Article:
at one time owing to the shortage of
fuel, but has replenisnea lis Dins anu
with the coal that Is enroute Is prac
tically beyond the danger point
NOGALBS FEARS REBELS AND
POSTS GUARDS ON-LOOKOBT
Nbgales, Ariz Feb. 6. Anticipating
a renewal of rebel activity In the
state of Sonora, authorities have posted
guards on the' hills above No gales,
Mexico, and a strong body of troops
was sent out from Hermosillo, the state
Squids of United States soldiers
patrolling the border to the west re
port evidence of small bodies of men
crossing the line with arms and
ammunition purchased in the United
States, v Two smugglers were captured
today. It is reported that the rebel
leader Bmilio Campa has again entered
the field! in the Altar district.
RJBBKLsl RAID SAN MIGUEL
RA&CII NBAU NACOZARI, SON.
A band! of 150 rebels raided the
8an Migue ranch, near Nacosari, Son
Monday anw took 1 horses away from
the ranch. V This report was grought
to El Paso by Arizona and Sonora cat
tlemen who came from the Nacosarl
The ordinar cost ot a Want Ad In
tin 1.1 Paso HWald is 25 cents. It
r. ach"S an a-vage o aDOut 70.00U
readers each is:Ue.
Gov. Colquitt today transmitted to
both branches of the legislature a
15,000-word special message calling at
tention to the platform recommenda
tions adopted at the San Antonio con
vention affecting the educational sys
tem jot the state and urging the passage
of laws for the development of this
system. He points out tne necessity
for liberal appropriations for the highei
educational institutions of the state I
He urges legislation for the divorce
ment of the A. &. M. college from the J
University of Texas, an extension ol j
the soholastic age, and enlargement ot
the scope of the university. He also I
recommends the proposed plan to au- I
thorize the University of Texas to Issue
bonds based on its endowment of lands j
and other securities. The message was I
read in both branches of the legislature. '
There are already bills pending in the
legislature bearing on many of the
recommendations of the governor.
The Optometry Bill. I
The medial profession and the optl- I
clans, or optometrists of Texas are again '
fighting out their old fight of the last I
legislature, xne gpuuuu are iiB"""b
for professional recognition in the
form of a law providing for a state
board similar to the medical board, and
licensed practitioners; the medical pro
fession Is fighting the law, claiming
that optometry Is not a profession.
Th flsrht was broucht into public
light this time by senator Kaufman, of i
Galveston, who introduced a bill whirh.
If passed, will place optometrv on. me
same plane with other professional
callings. The bill provides that no one
may fit glasses except a licensed op
tician who has In every way satisfied
a state board that he Is capable of
pursuing the vocation, or profession.
The M. D.'a claim that optometry is not
a profession, and one of their speakers
made the statement that the fitting of
classes as followed bv most of the
I optometrists tended rather to expert
mechanics tnan a meaicai jtnowieuge.
Those who class themselves as op
tometrists claim that the fitting of
glasses Is a business separate from the
medical profession, and that defects in
the eye due to physical ailments are
cases for the physician and not for the
fitter of glasses.
Both the socalled optomertists and
physicians before the committees pro
fessed they are actuated by a desire
tc protect humanity from the practice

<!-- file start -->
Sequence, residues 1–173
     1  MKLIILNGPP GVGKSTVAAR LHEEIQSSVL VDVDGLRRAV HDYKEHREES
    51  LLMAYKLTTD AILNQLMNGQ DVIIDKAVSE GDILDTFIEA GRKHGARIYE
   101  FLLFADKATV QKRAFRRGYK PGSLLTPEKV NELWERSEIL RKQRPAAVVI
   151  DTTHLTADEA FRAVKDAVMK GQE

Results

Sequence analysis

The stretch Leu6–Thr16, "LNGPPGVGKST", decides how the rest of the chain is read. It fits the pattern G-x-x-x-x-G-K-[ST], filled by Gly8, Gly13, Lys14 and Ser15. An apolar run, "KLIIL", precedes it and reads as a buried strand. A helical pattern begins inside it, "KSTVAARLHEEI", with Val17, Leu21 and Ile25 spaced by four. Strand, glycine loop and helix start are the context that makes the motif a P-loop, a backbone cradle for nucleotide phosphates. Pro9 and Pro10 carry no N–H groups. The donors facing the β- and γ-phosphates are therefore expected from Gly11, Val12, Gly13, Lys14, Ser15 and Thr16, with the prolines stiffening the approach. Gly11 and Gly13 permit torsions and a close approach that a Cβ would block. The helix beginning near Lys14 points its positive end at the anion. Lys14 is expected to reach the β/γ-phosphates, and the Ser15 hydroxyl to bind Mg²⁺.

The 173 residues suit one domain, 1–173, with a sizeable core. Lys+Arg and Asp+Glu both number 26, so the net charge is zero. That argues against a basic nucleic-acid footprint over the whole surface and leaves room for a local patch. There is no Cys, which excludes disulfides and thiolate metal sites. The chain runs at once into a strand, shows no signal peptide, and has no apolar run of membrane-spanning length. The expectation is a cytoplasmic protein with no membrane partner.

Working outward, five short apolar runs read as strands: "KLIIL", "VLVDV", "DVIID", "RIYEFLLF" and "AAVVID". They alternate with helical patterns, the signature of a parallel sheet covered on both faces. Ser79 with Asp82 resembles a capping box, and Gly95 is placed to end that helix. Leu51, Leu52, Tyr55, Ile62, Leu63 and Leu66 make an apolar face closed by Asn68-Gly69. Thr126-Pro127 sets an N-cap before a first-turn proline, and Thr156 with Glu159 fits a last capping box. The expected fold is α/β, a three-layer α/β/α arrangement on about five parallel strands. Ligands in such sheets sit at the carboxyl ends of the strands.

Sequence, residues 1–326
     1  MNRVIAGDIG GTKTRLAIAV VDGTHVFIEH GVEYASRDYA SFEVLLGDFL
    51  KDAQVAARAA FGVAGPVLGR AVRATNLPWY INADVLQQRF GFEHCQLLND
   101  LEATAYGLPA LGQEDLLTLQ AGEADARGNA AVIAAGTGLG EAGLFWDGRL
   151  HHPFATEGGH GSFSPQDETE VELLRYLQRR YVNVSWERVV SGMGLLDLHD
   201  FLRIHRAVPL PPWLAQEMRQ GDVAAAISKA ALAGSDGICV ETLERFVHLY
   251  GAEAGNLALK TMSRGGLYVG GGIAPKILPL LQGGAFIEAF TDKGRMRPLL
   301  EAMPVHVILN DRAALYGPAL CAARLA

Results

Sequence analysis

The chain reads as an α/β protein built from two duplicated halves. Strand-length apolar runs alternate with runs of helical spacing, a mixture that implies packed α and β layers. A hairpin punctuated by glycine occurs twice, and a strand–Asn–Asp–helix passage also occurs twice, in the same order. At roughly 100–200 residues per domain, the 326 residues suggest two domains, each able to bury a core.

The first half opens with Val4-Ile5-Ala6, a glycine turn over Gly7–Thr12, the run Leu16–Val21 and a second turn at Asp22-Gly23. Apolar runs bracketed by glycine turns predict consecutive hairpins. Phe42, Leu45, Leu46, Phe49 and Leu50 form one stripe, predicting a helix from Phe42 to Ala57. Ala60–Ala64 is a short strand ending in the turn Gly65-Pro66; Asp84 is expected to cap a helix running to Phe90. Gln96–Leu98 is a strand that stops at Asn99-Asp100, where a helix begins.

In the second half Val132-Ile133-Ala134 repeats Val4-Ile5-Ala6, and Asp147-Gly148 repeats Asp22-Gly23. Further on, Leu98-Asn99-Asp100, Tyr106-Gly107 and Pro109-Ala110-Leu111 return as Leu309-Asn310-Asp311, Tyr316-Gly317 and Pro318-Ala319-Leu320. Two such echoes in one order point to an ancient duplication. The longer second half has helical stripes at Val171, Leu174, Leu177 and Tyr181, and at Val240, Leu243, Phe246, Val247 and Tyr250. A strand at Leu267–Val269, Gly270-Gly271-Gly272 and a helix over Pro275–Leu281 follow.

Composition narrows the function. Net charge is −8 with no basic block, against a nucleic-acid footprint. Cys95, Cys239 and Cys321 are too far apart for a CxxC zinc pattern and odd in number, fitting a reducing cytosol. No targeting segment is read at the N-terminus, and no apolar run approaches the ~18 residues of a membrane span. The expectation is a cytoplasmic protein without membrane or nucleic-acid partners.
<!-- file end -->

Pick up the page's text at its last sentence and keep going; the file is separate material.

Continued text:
The bill is similar to one introduced
at the last legislature and which was
so bitterly fought by the state medical
board. The physicians claim that in
asmuch as eye defects are due to physi
cal ailments which may be remedied by
the physician, the licensing of optomer
tists gives to a class of men who knew
nothing of medicine a standing they do
School of Mines.
Prospects are bright for the State
School of Mines at Bl Paso. Senator
Hudspeth's bill providing for the es
tablishment of a state mining ana en-
) The bill will pass the senate, and if it
i passes en a nouse ana is signea oy wie
governor, this school will be started as
soon as is feasible. It will be oper
ated as a part of the University of
Texas, as is the medical school at Gal
veston, and will be ' under the control
of the board of regents of the State
The mining school at the University
of Texas was given up four years ago
because of the fact that at Austin the
school was not needed. During the few
jears in which the school was in op
eration, there were graduated a num
ber of men who have since become em
inent as mining engineers, and the
only reason the school was not contin
ued was that the limited number of
students did not make the necessary
outlay and expenditure for the upkeep
of the school feasible.
Ifeir Mining Laws.
A measure for which west Texas has
been clamoring for years has at lost
received favorable consideration at
the hands of the legislature, in the
form of a mining law. introuduced into
the senate by senator Hudspeth. This
law, if passed, will give an Impetus to
mining itnd exploration in western
Texas. The law. similar in Its princi
pal articles to the minning law of Col
orado will give the prospector a chance
to file on land which he locates, and
will enabl him to hold such land if
he discovers valuable mineral on it A
similar bill was Introduced in the house
by the Bl Paso representative. The
measure will go to the legislature
backed by a favorable report from the
committee, and will be supported by a
number of senators from the west
Laredo Wants Legislators.
An invitation was extended to the
legislators yesterday by the people of
Laredo to attend the celebration there
on February 21.
.wits btsuaie cuaimii.ue on bidck ana
stock raising yesterday afternoon re
ported favorably on a bill creating a
state veterinary board and also on
Hudspeth's bill providing for the crea
tion of a sheep scab inspector.
BORDER OF ARIZONA
Activities Are Renewed In Casanea